Ophthalmology. 2003 Aug;110(8):1632-7; discussion 1637-8.

A randomized trial of patching regimens for treatment of moderate amblyopia in children.
Repka MX, Beck RW, Holmes JM, Birch EE, Chandler DL, Cotter SA, Hertle RW, Kraker RT, Moke PS, Quinn GE, Scheiman MM; Pediatric Eye Disease Investigator Group.
Arch Ophthalmol. 2003 May;121(5):603-11.

Clinical research in pediatric ophthalmology: the Pediatric Eye Disease Investigator Group.
Beck RW.
Curr Opin Ophthalmol. 2002 Oct;13(5):337-40. Review.

The clinical profile of moderate amblyopia in children younger than 7 years.
Pediatric Eye Disease Investigator Group.
Arch Ophthalmol. 2002 Mar;120(3):281-7.

A randomized trial of atropine vs. patching for treatment of moderate amblyopia in children.
Pediatric Eye Disease Investigator Group..
Arch Ophthalmol. 2002 Mar;120(3):268-78.

The amblyopia treatment study visual acuity testing protocol.
Holmes JM, Beck RW, Repka MX, Leske DA, Kraker RT, Blair RC, Moke PS, Birch EE, Saunders RA, Hertle RW, Quinn GE, Simons KA, Miller JM; Pediatric Eye Disease Investigator Group.
Arch Ophthalmol. 2001 Sep;119(9):1345-53.

The Amblyopia Treatment Index.
Cole SR, Beck RW, Moke PS, Celano MP, Drews CD, Repka MX, Holmes JM, Birch EE, Kraker RT, Kip KE; Pediatric Eye Disease Investigator Group.
J AAPOS. 2001 Aug;5(4):250-4.

Academic Performance and Binocular Vision Dysfunctions/Vision Information Process

Saccade Control in Dyslexia: Development, Deficits, Training and Transfer to Reading Burkhart Fischer, Dipl Phys; Klaus Hartnegg, Dipl Phys
Optometry and Vision Development Volume 39, No. 4, 2008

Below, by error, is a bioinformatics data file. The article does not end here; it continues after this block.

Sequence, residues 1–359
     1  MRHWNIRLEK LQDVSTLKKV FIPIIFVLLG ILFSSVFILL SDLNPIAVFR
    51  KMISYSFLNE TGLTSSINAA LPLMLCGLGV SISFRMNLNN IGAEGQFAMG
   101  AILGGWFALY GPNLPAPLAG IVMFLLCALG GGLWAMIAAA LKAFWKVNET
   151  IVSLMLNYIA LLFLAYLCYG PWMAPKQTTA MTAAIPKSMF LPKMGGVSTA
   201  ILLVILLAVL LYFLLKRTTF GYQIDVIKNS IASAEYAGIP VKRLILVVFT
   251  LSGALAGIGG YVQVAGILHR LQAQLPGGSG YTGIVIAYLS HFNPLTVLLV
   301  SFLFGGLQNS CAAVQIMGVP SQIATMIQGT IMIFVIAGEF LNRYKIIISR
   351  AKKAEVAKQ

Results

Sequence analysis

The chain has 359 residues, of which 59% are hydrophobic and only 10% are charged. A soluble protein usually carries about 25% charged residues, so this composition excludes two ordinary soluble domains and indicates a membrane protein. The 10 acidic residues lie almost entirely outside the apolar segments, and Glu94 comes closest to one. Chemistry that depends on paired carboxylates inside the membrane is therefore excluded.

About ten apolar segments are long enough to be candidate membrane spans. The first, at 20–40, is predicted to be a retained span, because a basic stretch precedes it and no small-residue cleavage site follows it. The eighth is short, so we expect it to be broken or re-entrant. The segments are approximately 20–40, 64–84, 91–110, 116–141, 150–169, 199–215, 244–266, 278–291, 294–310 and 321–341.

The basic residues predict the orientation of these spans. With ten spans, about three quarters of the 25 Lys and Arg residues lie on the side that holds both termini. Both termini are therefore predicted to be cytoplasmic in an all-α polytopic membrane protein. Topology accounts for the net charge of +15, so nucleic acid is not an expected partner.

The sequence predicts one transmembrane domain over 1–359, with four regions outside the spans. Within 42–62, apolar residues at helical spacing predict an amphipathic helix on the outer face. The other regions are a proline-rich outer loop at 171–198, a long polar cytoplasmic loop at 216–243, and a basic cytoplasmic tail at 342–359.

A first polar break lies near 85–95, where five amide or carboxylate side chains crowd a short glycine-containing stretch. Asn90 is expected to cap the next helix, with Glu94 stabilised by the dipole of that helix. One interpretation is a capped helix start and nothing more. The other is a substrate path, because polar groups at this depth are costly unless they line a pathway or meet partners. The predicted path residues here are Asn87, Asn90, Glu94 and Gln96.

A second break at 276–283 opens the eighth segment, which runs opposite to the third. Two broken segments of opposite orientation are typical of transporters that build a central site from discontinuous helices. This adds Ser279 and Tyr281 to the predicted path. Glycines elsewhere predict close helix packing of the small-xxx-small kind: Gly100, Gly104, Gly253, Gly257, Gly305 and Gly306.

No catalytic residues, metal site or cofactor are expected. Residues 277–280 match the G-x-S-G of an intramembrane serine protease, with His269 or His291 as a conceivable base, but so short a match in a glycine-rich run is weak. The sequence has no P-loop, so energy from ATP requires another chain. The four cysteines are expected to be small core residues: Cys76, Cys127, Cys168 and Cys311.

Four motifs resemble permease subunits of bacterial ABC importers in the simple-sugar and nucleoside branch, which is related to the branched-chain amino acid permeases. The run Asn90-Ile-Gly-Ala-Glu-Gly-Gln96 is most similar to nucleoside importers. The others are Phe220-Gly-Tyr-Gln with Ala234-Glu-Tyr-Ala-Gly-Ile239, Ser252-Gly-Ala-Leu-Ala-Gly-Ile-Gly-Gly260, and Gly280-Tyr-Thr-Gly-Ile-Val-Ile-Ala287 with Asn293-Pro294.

Computerized Saccadic Eye Movement Therapy to Improve Oculomotor Control during Reading and Reading Rate in Adult Japanese Readersby Tomohito Okumura, MScOptom, MEd, FCOVD, FAAO, et. al.
Optometry and Vision Development Volume 39, No. 4, 2008

Filtered Text and Direction Discrimination Training Improved Reading Fluency for Both Dyslexic and Normal Readers Teri Lawton, PhD
Optometry and Vision Development Volume 39, No. 3, 2008

Subitizing and Visual Counting in Children with Problems in Acquiring Basic Arithmetic Skills Burkhart Fischer, Dipl. Phys., Christine Gebhardt, Dipl. Phys., and Klaus Hartnegg, Dipl. Phys.
Optometry and Vision Development Volume 39, No. 1, 2008

Effects of Daily Practice on Subitizing, Visual Counting, and Basic Arithmetic Skills Burkhart Fischer, Dipl. Phys., Christine Gebhardt, Dipl. Phys., and Klaus Hartnegg, Dipl. Phys.
Optometry and Vision Development Volume 39, No. 1, 2008

The Impact of Vergence and Accommodative Therapy on Reading Eye Movements and Reading Speedby Michael Gallaway, OD, FCOVD and Mark B. Boas, OD, MS
Optometry and Vision Development Volume 38, No. 3, 2007

Evaluating Changes in Quality of Life After Vision Therapy Using the COVD Quality of Life Outcomes Assessment by Kelly M. Daugherty, OD, et. al.
Optometry and Vision Development Volume 38, No. 2, 2007

The Effects of HTS Vision Therapy Conducted in a School Setting on Reading Skills in Third and Fourth Grade Students David Goss, O.D., Ph.D., FAAO, FCOVD-A, et. al.
Optometry and Vision Development Volume 38, No. 1, 2007

A Study of the Effectiveness of Cognitive Skill Therapy Delivered in a Video Game Format Don Helms, O.D., and Sara M. Sawtelle, Ph.D.
Optometry and Vision Development Volume 38, No. 1, 2007

Training Direction-Discrimination Sensitivity Remediates a Wide Spectrum of Reading Skills Teri Lawton, Ph.D.
Optometry and Vision Development Volume 38, No. 1, 2007

Is there a common linkage among reading comprehension, visual attention, and magnocellular processing?
Solan HA, Shelley-Tremblay JF, Hansen PC, Larson S.
J Learn Disabil. 2007 May-Jun;40(3):270-8.